• “I was born on November 1st, 1907 in Staré Teremno." "And your name is?" "Štěpánek Karel." "And did you have any brothers or sisters?" "I had three brothers and a sister. All three of us (brothers – author's note) were in the Army. We had a farm so they worked on the farm and they had to keep it on their own (parents – author's note).”

  • “'All of a sudden in one moment... I have no idea what happened. Someone informed on something there. There was some Malín and there were Czechs there. They probably had some hiding place there, there was their hospital and they treated there. There were some Jewish doctors and they treated there." "And whom did they treat? The guerrilla?" "I have no idea whom." " So some kind of a secret hospital?" "Well, the Ukrainians may have been there or someone, I don't know. It was such a large Czech village, Malín, and the Ukrainian one was just attached to it." "And you were a witness of what happened there?" "I didn't witness it there but when they were talking at our place... It was about six or seven kilometers from us to Malín." "And what happened there?" "All of a sudden the Germans came round in the morning and they set it on fire. They took all the inhabitants of Malín and put them in the barns and shot them there dead. They burned the barns and set the houses on fire. Whenever anything moved anywhere, they shot and destroyed everything. The Russian (Ukrainian – author's note) Malín, the neighboring one... they also shot the Ukrainian neighbors dead there. They were led to the church, to their church and they set the church on fire and they destroyed it all there. Burnt down, well...”

  • “It was when we stood in Svatý Martin. All of a sudden we got a command, they took us and we were driven like crazy. I thought I'd lose my arm or my legs." "You were driven to General Sázavský's burial?" "Well, yes, to play there. So we were there for two days, we played both on the first and the second day." "His fate is also connected with your brother. Could you possibly tell me what happened?" "Well, my brother narrated me that they set off and were already on the border. And they did this and that in the paper that it was like Czechoslovakia already. And Sázavský prepared a banquet for the soldiers when they crossed Dukla. They had spirits there, the soldiers were giving it to everyone. My brother with some other guy had to be there. And then when they should go, they got in and everything went forwards. They should follow them, the transport. So they went. And as they got into the car a mine exploded. I have no idea what it was. Sázavský was killed and my brother lost his leg. He was taken away and a neighbor Karamád was killed as well. So Lojzík was the only one left." "And it was only him out of the whole car left alive? Out of the whole car?" "Well, ...”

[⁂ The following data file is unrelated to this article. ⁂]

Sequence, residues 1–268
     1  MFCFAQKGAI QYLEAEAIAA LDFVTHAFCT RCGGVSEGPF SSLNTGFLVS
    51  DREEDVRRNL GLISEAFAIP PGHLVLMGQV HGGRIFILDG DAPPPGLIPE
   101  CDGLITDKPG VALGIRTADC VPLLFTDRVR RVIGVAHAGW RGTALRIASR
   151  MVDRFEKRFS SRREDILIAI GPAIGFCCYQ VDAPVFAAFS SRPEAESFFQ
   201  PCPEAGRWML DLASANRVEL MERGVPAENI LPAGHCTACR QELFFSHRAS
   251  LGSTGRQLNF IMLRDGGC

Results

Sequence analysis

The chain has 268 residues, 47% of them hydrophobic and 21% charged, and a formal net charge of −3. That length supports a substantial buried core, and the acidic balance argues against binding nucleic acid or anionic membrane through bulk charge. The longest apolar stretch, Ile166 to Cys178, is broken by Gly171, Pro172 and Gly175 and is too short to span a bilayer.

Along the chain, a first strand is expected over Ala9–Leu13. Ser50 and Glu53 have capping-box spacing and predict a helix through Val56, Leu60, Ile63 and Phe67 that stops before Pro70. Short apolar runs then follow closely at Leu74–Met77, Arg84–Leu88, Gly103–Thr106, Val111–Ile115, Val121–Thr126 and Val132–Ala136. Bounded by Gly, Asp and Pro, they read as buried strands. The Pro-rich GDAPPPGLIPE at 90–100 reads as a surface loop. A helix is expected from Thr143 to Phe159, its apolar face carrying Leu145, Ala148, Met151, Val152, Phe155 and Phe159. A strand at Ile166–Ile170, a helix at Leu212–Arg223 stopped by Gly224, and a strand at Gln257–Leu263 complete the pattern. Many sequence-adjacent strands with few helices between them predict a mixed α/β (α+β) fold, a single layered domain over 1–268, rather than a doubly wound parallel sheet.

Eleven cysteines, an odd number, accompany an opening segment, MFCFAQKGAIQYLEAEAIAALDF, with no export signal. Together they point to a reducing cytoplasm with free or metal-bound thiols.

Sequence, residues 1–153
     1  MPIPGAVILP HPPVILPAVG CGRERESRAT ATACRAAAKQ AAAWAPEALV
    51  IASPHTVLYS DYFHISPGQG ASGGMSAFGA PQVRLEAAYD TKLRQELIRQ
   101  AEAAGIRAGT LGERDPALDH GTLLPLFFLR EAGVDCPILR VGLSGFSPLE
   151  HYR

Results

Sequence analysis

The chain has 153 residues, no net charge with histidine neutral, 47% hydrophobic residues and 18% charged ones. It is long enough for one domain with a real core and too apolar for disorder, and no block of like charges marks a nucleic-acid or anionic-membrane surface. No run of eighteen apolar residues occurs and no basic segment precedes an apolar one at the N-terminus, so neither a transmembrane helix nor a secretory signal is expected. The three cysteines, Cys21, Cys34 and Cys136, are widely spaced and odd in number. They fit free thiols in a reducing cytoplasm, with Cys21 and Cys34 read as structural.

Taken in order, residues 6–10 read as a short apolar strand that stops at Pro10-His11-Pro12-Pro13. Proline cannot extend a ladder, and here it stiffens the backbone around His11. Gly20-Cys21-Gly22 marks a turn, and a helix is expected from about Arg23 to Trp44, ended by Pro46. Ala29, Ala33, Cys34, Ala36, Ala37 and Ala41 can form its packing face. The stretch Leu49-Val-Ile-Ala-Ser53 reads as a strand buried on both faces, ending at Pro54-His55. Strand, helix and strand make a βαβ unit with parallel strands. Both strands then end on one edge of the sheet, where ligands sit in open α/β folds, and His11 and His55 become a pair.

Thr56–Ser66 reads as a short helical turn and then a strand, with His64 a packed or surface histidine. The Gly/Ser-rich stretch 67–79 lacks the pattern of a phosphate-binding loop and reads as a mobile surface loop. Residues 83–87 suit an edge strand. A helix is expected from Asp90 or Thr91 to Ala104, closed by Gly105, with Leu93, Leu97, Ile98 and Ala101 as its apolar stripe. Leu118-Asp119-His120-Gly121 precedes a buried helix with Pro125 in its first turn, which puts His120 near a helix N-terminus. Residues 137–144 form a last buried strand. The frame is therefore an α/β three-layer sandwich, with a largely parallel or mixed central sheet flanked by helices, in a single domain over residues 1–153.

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    Soběnice (okres Litoměřice), 20.11.2003

    duration: 01:32:07
    media recorded in project Stories of 20th Century
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And the Russians lay down in trenches and the Austrians were just opposite And they shot over our backyard, grenades were flying over and exploding above us

Karel Štěpánek in Svoboda army
Karel Štěpánek in Svoboda army

Karel Štěpánek was born in the village of Staré Teremno in Volynia on November 1st, 1907. He remembers the WWI events in Staré Teremno where the Russian-Austrian-Hungarian front ran. After the war, he experienced the fights between the professed Petliura Group and the Polish legionnaires. He became a leader of a choir in 1932. After the occupation of the Western part of Poland by the Soviet Army, he started working in the woods in 1939. From there he was picked as an orchestra member and started playing the baritone. Alois Pyšl, an uncle of Karel Štěpánek and his cousin were abducted by the Soviets and taken to Kazakhstan. His cousin was the only one that came back. After the occupation of the USSR and after the continuous arrival of the Soviet Army, he was conscripted into the Svoboda’s Army in the town of Rovno in 1943. He started playing the baritone in the Army again. They organized concerts and played at parties and dances for soldiers. They also played at burials, which included the burial of General Sázavský (Karel Štěpánek’s brother who experienced a mine explosion that resulted in the death of General Sázavský.) He lived to see the end of the war in Martin, Slovakia. Having left the Army, he settled down in Litoměřice where he worked in the Agrarian Cooperative.